Has your photography or cinematography work lost its appeal? Photographer Peter McKinnon wants to inspire you with some ideas for breaking out of a creative rut. If you ever fall into a rhythm that becomes repetitive and starts to feel more like work than creativity, these tips could be very useful:
McKinnon normally shoots his portraits during the day for the lighting. To switch it up, he flips the script and ventures out into the night with his subject to find a neon light or brighter location. Changing the scenery and lighting can always help you to appreciate a new look in your work that sets itself apart from your routine portraits. Positioning your subject in front of neon lights and shooting toward them creates an effect that is very popular among Instagram photographers today. Find a friend to work with and give it a try!
Another tip he shares is to grab an extra lens and try photographing through the back of it. If you have a lens with a wider element in the back, it will work effectively for a completely new look. The composition will be positioned upside down, but you can always flip it right side up when it’s time to sit down and edit. This trick works well for when you have to go out and photograph a subject or scene that you have already worked with countless times. Finding alternative methods of innovation can be tricky, especially when you feel uninspired and stuck on how to find a new viewpoint.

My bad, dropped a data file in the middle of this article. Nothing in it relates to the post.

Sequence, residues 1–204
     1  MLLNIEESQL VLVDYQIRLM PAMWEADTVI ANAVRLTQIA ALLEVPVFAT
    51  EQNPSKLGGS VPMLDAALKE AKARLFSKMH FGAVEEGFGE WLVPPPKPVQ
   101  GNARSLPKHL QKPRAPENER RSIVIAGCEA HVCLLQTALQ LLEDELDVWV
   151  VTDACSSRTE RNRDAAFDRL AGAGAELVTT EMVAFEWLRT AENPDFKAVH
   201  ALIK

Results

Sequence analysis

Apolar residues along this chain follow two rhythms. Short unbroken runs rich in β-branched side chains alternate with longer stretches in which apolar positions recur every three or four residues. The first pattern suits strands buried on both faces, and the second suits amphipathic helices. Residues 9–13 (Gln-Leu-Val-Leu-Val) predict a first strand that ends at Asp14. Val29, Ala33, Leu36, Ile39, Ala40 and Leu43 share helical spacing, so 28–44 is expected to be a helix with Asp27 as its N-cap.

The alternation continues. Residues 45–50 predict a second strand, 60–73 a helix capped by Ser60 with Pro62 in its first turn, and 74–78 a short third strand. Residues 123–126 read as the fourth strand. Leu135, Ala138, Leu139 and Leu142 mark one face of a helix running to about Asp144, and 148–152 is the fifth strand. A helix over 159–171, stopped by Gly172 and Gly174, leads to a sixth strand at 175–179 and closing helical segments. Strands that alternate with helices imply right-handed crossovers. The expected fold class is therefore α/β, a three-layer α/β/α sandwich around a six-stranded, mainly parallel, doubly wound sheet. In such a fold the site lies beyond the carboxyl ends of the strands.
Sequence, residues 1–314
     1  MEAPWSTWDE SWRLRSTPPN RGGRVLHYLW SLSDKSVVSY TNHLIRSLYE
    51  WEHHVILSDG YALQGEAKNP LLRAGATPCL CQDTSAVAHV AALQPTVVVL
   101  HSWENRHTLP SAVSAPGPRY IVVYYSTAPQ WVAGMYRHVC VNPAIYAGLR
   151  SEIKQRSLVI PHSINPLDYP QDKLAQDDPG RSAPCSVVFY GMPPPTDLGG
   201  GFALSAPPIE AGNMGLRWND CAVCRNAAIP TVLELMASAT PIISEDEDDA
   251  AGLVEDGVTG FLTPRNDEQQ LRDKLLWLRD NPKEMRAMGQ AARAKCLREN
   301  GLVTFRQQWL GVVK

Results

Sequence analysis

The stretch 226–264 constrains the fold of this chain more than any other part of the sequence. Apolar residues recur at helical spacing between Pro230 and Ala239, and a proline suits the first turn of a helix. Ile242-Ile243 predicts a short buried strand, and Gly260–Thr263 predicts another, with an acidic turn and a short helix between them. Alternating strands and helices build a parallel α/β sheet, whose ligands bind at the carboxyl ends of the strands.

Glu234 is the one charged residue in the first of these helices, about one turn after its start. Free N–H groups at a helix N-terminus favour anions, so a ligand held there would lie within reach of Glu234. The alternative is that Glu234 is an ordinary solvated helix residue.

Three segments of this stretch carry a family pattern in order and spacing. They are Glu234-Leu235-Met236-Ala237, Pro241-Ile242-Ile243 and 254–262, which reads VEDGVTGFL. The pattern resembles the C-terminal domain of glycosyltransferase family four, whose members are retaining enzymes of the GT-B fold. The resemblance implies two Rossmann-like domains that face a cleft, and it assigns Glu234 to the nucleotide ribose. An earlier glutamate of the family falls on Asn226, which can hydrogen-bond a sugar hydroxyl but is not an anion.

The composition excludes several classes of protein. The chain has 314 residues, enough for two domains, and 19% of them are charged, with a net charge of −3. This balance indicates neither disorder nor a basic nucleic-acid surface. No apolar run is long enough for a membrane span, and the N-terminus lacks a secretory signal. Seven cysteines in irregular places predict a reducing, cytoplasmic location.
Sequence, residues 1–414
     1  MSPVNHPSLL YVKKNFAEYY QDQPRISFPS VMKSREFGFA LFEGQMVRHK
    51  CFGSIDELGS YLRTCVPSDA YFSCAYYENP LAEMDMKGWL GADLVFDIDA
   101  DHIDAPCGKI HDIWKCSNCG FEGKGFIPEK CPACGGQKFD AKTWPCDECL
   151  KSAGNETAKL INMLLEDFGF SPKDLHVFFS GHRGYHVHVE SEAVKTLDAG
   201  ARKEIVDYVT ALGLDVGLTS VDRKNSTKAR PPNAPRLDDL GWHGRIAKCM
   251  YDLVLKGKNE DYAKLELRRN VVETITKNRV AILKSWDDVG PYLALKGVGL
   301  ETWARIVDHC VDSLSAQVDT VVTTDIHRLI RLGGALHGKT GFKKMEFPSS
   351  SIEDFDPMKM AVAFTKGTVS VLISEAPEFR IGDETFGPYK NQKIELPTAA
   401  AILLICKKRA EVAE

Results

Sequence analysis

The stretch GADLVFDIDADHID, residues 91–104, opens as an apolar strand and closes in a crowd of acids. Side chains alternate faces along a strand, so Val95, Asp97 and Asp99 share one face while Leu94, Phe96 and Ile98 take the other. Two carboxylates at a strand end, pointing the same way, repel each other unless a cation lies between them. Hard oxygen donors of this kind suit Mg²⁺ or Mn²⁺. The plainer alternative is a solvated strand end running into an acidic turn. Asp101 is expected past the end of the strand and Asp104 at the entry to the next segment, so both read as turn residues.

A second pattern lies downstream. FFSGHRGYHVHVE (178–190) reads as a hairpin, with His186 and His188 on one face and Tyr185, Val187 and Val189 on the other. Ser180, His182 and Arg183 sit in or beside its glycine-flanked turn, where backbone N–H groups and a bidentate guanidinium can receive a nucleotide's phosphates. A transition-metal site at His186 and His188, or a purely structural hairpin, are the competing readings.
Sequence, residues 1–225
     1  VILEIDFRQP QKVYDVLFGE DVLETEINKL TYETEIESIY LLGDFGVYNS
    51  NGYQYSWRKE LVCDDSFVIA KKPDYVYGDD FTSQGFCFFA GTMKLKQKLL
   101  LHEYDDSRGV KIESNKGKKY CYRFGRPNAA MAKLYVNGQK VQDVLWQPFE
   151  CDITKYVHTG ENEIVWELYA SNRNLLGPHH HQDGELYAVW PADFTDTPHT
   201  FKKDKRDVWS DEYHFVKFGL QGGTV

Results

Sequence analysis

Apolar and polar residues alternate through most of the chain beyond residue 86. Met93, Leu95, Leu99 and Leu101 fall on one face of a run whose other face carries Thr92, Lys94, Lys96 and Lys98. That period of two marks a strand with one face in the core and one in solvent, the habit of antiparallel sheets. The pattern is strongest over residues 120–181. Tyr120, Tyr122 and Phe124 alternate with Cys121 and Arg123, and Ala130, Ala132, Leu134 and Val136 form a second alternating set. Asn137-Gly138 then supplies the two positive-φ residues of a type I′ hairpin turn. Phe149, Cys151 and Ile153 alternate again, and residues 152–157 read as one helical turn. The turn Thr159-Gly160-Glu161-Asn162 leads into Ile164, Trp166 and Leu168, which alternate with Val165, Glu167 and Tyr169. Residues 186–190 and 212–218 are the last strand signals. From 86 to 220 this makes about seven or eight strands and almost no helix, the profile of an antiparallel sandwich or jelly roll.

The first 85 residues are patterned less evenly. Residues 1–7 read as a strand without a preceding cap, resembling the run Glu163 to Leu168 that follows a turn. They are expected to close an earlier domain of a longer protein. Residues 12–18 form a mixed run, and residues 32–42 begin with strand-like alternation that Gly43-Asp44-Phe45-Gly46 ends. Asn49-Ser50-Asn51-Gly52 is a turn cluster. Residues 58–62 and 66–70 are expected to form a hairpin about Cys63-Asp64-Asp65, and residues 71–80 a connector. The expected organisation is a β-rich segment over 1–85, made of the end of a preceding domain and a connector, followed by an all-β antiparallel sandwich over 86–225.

You can also head out to your local department store and scour the shelves for materials that will create an awesome effect in your photos. In his example, McKinnon purchased a cheap piece of plastic with a pattern on it that he used to cast an appealing shadow on anything that the light shone on. Items around the house will work, too!
There you have it! Hopefully, these tips help you to look at your creative funk as a temporary setback that can be repaired. Overall, just keep shooting and finding new ways to put a creative spin on the work that you normally do. Creativity knows no bounds!
For more creative ideas: The Long Exposure Photography Guide at 52% Off
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Article source: PictureCorrect